An Ecological Comparison between Ancient and Other Forest Plant Species of Europe, and the Implications for Forest Conservation. Hermy, M., Honnay, O., Firbank, L., Grashof-Bokdam, C., & Lawesson, J. E. 91(1):9–22.
An Ecological Comparison between Ancient and Other Forest Plant Species of Europe, and the Implications for Forest Conservation [link]Paper  doi  abstract   bibtex   
An analysis is presented of the ecological characteristics of ancient forest plant species in deciduous forests of Europe. Twenty-two literature sources were used to generate a list of 132 ancient forest plant species, described from at least eight countries in Europe. The affinity for ancient forests of these species differs considerably from country to country, but they have a definite ecological profile. There is a significant difference in the response of the ancient forest plant species compared with other forest plant species for a variety of ecological characteristics, based on Ellenberg indicators, plant strategies and phytosociological associations. Ancient forest plant species tend to be more shade-tolerant than the other forest plant species; dry and wet sites are avoided. They are typical of forest sites with an intermediate pH and nitrogen availability. Geophytes and hemicryptophytes are more frequent amongst ancient forest plant species. The stress-tolerant plant strategy type is significantly more abundant under the ancient forest species than expected when compared with other forest plant species and vice versa for the competitive plant strategy. This distinct ecological profile suggests that ancient forest plant species may be considered as a guild. The poor ability of these species to colonize new forest sites may be attributed to a complex of interacting variables: limited dispersal abilities (many have a short-distance dispersal strategy), low diaspore production and recruitment problems (e.g. low competitive ability). The regional variation in ancient forest plant species suggests that regional lists are more appropriate for assessing the nature conservation value of forests than one global European list. Due to their distinct ecological profile and low colonizing abilities, ancient forest plant species may be considered as important biodiversity indicators for forests.
@article{hermyEcologicalComparisonAncient1999,
  title = {An Ecological Comparison between Ancient and Other Forest Plant Species of {{Europe}}, and the Implications for Forest Conservation},
  author = {Hermy, Martin and Honnay, Olivier and Firbank, Les and Grashof-Bokdam, Carla and Lawesson, Jonas E.},
  date = {1999-11},
  journaltitle = {Biological Conservation},
  volume = {91},
  pages = {9--22},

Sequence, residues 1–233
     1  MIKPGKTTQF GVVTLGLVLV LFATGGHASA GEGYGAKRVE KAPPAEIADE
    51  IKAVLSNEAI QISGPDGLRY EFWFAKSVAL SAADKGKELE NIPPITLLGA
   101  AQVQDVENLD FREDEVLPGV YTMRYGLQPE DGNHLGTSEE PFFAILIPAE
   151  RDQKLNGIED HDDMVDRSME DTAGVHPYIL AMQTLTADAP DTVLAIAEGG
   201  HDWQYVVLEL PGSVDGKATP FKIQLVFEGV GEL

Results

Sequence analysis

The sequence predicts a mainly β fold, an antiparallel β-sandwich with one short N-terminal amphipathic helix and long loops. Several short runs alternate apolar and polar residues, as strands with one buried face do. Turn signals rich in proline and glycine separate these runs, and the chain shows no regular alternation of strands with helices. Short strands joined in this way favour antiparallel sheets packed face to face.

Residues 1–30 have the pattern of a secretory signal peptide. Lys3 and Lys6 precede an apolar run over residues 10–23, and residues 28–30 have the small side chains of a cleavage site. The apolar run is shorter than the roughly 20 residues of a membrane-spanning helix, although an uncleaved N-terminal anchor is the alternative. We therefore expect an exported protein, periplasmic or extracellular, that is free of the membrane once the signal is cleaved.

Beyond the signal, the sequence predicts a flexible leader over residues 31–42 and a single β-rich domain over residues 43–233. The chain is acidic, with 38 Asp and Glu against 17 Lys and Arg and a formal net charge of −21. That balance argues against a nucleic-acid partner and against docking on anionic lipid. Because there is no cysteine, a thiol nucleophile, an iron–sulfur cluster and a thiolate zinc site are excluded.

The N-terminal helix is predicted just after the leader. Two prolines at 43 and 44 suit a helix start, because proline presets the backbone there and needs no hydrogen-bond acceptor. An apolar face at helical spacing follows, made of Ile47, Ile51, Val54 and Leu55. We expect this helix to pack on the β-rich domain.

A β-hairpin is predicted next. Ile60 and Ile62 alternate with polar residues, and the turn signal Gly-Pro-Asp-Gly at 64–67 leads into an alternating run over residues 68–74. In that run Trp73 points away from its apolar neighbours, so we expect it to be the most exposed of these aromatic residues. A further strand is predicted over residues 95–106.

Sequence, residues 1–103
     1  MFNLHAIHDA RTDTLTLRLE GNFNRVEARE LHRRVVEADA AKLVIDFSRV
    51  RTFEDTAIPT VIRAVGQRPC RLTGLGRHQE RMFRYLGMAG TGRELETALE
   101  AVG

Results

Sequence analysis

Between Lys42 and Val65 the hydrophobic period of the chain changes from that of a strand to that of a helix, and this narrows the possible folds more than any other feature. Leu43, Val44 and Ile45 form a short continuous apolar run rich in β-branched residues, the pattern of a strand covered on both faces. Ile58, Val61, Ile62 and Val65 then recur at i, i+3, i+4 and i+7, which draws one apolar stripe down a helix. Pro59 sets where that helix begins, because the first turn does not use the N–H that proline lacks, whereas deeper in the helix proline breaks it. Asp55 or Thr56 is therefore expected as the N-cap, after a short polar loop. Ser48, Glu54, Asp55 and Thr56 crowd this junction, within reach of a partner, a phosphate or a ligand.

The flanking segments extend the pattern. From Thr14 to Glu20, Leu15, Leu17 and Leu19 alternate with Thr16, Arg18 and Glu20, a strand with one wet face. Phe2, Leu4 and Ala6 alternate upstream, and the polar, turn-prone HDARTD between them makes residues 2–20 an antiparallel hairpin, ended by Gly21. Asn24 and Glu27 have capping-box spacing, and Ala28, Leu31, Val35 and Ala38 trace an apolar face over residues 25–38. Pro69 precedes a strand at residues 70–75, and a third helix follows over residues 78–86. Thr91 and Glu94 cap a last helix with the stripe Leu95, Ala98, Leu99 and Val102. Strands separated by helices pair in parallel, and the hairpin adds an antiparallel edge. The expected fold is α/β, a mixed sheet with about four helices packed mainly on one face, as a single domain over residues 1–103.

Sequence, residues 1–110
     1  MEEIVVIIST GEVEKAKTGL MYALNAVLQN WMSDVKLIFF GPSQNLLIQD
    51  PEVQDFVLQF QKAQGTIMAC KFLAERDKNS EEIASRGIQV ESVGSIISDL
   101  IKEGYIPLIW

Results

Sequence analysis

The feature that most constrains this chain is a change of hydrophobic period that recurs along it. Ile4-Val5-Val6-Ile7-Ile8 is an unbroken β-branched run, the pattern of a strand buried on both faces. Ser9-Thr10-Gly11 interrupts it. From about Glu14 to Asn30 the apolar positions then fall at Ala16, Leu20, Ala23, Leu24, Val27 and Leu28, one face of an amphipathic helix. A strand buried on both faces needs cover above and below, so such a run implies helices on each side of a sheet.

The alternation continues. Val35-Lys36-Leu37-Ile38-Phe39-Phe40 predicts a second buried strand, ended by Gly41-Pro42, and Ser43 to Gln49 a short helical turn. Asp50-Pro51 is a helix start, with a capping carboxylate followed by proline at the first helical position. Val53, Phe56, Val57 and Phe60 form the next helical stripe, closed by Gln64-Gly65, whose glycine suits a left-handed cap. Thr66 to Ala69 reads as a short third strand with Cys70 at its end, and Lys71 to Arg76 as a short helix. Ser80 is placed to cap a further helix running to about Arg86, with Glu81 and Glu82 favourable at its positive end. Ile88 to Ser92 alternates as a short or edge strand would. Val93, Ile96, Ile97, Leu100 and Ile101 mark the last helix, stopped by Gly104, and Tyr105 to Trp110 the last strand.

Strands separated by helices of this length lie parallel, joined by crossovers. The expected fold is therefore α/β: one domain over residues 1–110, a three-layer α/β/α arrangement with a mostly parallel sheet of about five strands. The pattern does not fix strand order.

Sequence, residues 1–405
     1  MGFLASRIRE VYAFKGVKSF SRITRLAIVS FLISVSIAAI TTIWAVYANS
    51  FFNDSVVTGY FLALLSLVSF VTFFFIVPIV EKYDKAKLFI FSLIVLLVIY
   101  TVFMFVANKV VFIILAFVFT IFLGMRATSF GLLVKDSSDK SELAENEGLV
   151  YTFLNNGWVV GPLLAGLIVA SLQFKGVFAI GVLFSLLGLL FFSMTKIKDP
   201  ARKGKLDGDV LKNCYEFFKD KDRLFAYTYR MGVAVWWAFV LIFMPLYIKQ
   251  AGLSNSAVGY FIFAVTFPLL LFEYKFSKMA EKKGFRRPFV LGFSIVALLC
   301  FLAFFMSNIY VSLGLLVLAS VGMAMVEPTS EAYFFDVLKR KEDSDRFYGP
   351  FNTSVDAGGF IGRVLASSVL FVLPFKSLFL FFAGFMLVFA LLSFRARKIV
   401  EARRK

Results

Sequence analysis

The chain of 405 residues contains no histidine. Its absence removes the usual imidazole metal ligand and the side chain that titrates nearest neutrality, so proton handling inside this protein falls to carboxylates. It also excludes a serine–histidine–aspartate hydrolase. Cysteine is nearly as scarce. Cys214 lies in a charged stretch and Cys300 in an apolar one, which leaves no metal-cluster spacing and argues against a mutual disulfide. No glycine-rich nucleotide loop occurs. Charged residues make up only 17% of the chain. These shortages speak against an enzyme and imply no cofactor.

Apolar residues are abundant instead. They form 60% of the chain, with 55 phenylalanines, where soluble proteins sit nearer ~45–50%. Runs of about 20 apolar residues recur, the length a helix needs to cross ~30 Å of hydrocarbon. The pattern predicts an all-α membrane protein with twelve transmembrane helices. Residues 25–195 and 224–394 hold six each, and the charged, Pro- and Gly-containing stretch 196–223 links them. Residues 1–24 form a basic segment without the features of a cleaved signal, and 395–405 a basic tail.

issn = {0006-3207},
  doi = {10.1016/s0006-3207(99)00045-2},
  url = {https://doi.org/10.1016/s0006-3207(99)00045-2},
  abstract = {An analysis is presented of the ecological characteristics of ancient forest plant species in deciduous forests of Europe. Twenty-two literature sources were used to generate a list of 132 ancient forest plant species, described from at least eight countries in Europe. The affinity for ancient forests of these species differs considerably from country to country, but they have a definite ecological profile. There is a significant difference in the response of the ancient forest plant species compared with other forest plant species for a variety of ecological characteristics, based on Ellenberg indicators, plant strategies and phytosociological associations. Ancient forest plant species tend to be more shade-tolerant than the other forest plant species; dry and wet sites are avoided. They are typical of forest sites with an intermediate pH and nitrogen availability. Geophytes and hemicryptophytes are more frequent amongst ancient forest plant species. The stress-tolerant plant strategy type is significantly more abundant under the ancient forest species than expected when compared with other forest plant species and vice versa for the competitive plant strategy. This distinct ecological profile suggests that ancient forest plant species may be considered as a guild. The poor ability of these species to colonize new forest sites may be attributed to a complex of interacting variables: limited dispersal abilities (many have a short-distance dispersal strategy), low diaspore production and recruitment problems (e.g. low competitive ability). The regional variation in ancient forest plant species suggests that regional lists are more appropriate for assessing the nature conservation value of forests than one global European list. Due to their distinct ecological profile and low colonizing abilities, ancient forest plant species may be considered as important biodiversity indicators for forests.},
  keywords = {*imported-from-citeulike-INRMM,~INRMM-MiD:c-11924275,~to-add-doi-URL,ancient-forest-plant-species,biodiversity,biodiversity-indicator,ecology,europe,forest-resources,review-scopus-european-biodiversity-indicators,scopus-indexed},
  number = {1}
}
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